Charlestown High Principal Will Thomas hosted Councilor Michelle Wu on Monday morning, and the school leader educated the councilor on what he believes are unfair standards placed upon his school – a school that has a much larger population of special needs and high risk students than any other high school in Boston.
Wu visited the high school as part of her effort to learn more about the front lines of Boston Public School professionals, and Charlestown High is one of the largest open enrollment schools in the district – and one that often takes some of the most challenged student populations while also being held to a very high graduation rate standard.
“The results we see across the district are not what students all deserve,” said Wu. “There are bright spots in many places…We can’t have the right long-term conversation unless we’re looking at every single school.”
Thomas is one of the longest-serving principals in the district, having led Charlestown High for the last seven years, with four previous years as its assistant principal.
“The biggest barrier is the inequality in admissions in the schools,” he told Wu. “That’s the bottom line. I say that to everyone. You hate to blame children and I don’t. At the same time, when the math doesn’t match up with what the state sees as a successful school; in that case, it is the population you look at.”
Thomas said it is the four-year graduation requirement levied by the state that severely hurts his school – particularly because many of his students are special needs or high risk and aren’t on a track for a traditional diploma. He said more than 15 percent of his school population is non-diploma bound, whether because they are special needs or because they are in special programs like DiplomaPlus that help derailed kids get back on track to graduation.
“The four-year graduation rate is 67 percent here and that is seen as low quality or needing supports,” he said. “They don’t look into the population of kids in the who are students with disabilities who don’t or can’t earn a diploma. How is that fair?…That’s a disadvantage to an open enrollment school. We take everyone. Exam schools don’t have that large population that we do. You’re ending up punishing the kids, the school and the staff here because they can’t meet this state criteria of success.”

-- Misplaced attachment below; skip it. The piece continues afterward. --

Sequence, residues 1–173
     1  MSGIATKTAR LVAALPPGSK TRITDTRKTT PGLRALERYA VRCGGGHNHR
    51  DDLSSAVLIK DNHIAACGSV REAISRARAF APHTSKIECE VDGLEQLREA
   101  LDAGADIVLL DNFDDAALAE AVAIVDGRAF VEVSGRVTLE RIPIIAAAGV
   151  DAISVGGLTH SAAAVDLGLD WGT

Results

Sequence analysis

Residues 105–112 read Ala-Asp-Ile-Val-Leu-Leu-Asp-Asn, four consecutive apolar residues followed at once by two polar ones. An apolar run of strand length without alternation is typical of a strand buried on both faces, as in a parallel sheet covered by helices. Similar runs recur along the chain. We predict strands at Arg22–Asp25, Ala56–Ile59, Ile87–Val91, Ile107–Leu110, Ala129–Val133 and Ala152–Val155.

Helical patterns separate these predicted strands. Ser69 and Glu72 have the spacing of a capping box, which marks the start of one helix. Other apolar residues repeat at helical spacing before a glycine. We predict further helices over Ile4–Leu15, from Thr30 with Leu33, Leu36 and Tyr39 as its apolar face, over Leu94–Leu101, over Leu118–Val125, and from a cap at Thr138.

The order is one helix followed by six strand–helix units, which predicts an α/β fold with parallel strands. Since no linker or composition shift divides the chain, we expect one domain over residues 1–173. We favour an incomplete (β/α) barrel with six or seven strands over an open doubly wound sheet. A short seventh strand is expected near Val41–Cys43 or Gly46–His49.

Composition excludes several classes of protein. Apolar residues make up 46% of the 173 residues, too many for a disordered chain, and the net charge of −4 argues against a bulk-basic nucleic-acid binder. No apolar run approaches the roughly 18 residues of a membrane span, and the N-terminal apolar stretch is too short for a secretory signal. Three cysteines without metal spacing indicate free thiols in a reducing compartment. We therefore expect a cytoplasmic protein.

He said it’s the same case for English Language Learners (ELL), many whom have just come to this country and are expected to graduate in one or two years – which is impossible.
“It might take them a little longer to graduate,” he said. “When you bind them to a four-year criteria it hurts the students because they see themselves as ‘less than’ because they didn’t graduate in this four-year timeframe.”
He said a more realistic way of measuring a school like Charlestown High is to look at retention rates or dropout rates. The rates at Charlestown High for dropouts has been steadily decreasing for several years. While they may not finish in four years, Thomas said students there are finishing high school. That is significant for his school population, he said.
“I think moving away from the graduation and looking at the dropout rates is a better measure of success because if we’re severing them and helping them, they will stay,” he said. “I can control that.”
He touted the school’s pathways programs, where students can take college classes at Bunker Hill Community College in business, technology or health careers while still in high school. That is a valuable program, he said, and students can leave with up to 20 credits for college.
But such programs are still overshadowed by the exam schools, where entrance barriers are seen as a measure for guaranteed success.
The barriers for admission to schools like Boston Latin School, Boston Latin Academy, John O’Bryant and the other pilot schools end up hurting an open enrollment school, he said. With very few students at high-performing level in Charlestown, and little to no students in the middle, there are not any role models.
“It becomes very difficult for the students to see what success would be,” he said. “Kids need models of good behavior around them to be successful. You wouldn’t believe how confident these kids here become when they take college classes. They feel smart. They feel confident. They believe they can do it.”
Wu said she has visited other schools in the past, but this was her first open enrollment school to visit.